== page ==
Sunday June 3, 2018
You might have noticed that we’ve been all about #Earned lately.
We sent all of our individual and team Regional qualifiers white CompTrain t-shirts emblazoned with “Earned” on the back. We sent the same swag out to all of the CompTrain Masters and Teens athletes that advanced to the Online Age Group Qualifier.
We had some fun on Instagram with an “Earn It” campaign around our Games athletes. Over the last month or so, we have relentlessly deployed it as a hashtag on all of our social media.
Yes, the shirts looked cool on the Regionals floor (thanks guys!). The graphics got a lot of love on Instagram. But #Earned is deeper than a social media campaign. It’s at the heart of who we are.
In the face extreme difficulty, #Earned is a reminder that results are reflection of our effort and our behavior.
Let’s unpack that:
Earning something implies difficulty. You can’t earn something without putting in work. There’s a word for that—given. Earned without struggle is like thunder without lightning. You might not have seen it, but trust me, it was there.
Most people naturally avoid struggle, consciously or unconsciously. CompTrain athletes are not like most people. When adversity finds us, we make a point of running into it headfirst. We do this because we understand an essential truth: that adversity is the only thing that makes us better.
Most of the time, #Earned is synonymous with results. That’s fine. We’re proud of those. But we’re more proud of what our results imply about what we became in the process—better.
Talent is Overrated
When we watch those at the top of their game perform on game day, it’s easier to say they are “talented” than it is to acknowledge that they have spent thousands and thousands of hours beating on their craft, lungs burning, exhausted, all when no one is watching.
When people think they see talent, what they really see is effort.
Effort is at the heart of #Earned.
There is very little genetic talent in the world. No one is born good at muscle-ups, running, walking on their hands, or Fran. Ninety-nine percent of the time, when people are good at things, it’s the result of dedication to a craft; to learning and improving over time. #Earned reminds us that the bright lights don’t make us shine—they only reveal the work we did in the dark.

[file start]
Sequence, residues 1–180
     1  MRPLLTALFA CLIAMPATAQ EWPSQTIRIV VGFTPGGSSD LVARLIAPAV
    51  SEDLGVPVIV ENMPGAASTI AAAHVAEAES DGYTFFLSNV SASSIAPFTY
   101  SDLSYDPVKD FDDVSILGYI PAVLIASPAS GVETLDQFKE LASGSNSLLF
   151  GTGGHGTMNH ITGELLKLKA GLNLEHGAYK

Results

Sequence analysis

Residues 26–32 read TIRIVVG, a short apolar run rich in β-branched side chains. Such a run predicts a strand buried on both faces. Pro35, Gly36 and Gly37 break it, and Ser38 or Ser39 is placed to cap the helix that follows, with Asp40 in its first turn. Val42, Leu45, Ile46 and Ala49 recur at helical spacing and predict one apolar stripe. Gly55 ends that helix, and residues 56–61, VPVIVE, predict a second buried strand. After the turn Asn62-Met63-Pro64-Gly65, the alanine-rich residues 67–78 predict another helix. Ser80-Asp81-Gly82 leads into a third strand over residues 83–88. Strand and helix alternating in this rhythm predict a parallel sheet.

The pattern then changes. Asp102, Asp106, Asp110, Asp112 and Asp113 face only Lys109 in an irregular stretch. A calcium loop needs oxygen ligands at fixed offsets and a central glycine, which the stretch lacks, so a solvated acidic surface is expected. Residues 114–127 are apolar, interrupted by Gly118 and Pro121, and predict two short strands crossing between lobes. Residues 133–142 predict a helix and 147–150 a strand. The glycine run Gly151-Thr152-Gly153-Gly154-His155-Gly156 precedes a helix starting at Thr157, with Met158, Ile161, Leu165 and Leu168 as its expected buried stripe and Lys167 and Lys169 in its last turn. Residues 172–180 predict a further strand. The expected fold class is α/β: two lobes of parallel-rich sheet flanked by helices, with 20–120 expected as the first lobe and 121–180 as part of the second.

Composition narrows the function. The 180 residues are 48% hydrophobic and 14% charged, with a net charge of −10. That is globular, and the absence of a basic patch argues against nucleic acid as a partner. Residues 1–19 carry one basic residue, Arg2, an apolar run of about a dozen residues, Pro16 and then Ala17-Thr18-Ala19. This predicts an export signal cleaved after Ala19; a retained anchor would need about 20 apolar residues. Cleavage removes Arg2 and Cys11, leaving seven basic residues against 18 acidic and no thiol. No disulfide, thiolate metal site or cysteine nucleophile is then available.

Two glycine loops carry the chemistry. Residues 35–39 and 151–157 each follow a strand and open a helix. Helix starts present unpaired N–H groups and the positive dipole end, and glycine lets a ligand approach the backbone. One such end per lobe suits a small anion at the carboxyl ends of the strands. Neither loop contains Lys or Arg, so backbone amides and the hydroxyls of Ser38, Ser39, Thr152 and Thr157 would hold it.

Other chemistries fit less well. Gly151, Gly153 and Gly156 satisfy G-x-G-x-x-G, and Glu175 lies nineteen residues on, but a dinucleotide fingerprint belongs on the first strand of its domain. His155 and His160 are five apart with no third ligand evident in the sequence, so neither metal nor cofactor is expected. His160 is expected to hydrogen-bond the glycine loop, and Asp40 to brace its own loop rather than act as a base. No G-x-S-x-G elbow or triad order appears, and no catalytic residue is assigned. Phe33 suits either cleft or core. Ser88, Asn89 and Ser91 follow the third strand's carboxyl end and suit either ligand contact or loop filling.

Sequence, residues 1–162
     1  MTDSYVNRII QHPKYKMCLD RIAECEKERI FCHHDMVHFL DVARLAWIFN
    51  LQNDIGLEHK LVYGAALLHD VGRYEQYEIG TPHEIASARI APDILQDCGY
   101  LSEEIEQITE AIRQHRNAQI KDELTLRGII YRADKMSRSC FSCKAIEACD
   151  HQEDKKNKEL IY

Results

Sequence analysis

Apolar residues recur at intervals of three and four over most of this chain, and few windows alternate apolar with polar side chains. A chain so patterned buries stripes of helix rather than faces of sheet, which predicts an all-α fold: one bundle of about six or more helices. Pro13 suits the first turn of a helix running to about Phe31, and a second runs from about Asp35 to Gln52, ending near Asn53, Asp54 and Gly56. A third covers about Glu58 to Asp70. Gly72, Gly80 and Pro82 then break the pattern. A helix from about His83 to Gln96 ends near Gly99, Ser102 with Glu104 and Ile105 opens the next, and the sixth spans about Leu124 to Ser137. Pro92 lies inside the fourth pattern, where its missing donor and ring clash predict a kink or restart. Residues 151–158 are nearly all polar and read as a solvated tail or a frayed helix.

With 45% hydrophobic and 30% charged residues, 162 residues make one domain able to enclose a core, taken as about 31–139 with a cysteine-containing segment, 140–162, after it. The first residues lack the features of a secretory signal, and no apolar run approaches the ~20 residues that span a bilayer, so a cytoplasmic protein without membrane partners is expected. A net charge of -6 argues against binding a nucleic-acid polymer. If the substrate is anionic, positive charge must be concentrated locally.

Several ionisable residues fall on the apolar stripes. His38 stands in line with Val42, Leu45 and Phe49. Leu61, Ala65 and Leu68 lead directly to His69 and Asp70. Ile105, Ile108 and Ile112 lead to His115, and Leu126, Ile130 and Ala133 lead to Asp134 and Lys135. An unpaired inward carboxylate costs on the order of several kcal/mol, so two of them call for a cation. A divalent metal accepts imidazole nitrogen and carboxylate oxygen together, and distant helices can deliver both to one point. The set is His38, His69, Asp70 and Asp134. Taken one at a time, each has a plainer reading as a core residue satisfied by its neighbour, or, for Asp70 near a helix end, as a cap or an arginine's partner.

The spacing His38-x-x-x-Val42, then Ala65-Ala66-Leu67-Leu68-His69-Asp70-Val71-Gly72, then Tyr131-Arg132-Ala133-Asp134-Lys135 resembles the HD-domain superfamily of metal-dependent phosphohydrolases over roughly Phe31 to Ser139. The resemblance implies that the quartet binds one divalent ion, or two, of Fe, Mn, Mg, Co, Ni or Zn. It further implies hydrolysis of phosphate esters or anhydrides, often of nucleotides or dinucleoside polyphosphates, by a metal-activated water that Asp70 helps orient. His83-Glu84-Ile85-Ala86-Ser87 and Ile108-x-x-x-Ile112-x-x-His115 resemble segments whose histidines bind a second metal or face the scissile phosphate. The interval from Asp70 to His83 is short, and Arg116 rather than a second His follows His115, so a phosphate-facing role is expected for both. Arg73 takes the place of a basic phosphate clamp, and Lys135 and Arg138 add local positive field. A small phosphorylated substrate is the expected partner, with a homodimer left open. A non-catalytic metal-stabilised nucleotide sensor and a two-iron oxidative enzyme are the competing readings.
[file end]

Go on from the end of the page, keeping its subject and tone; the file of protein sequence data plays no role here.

The last element of #Earned reflects our behavior. #Earned is a choice.
No one becomes world-class on accident. Katrin, Brooke and Cole are world-class because they decided to be.
#Earned implies something important—though easily forgotten—about the glitz and glamour around the CrossFit Games. That getting there is painful. That it’s the result of years of hard work and learning from mistakes.
#Earned is a nod to the daily discipline. To all of the seemingly insignificant habits and choices that added up—over a very long period of time—to something extraordinary: The decision to go to that dark place in a workout (or not). The decision to return to that place, day after day, despite the pain that waits for you there (or not). The decision to go all-in on nutrition (or not). The decision to commit to warm-up and recovery protocols (or not). The decision to make sleep a priority (or not). The decision to improve your mental game (or not).
#Earned isn’t for the chosen few. It is for the few who choose.
Embrace adversity—it’s the only thing that makes you better.
Focus on your effort—talent is a sugar-coated lie.
Choose excellence—every decision you make moves you closer or further away from your goals.
This is our ethos.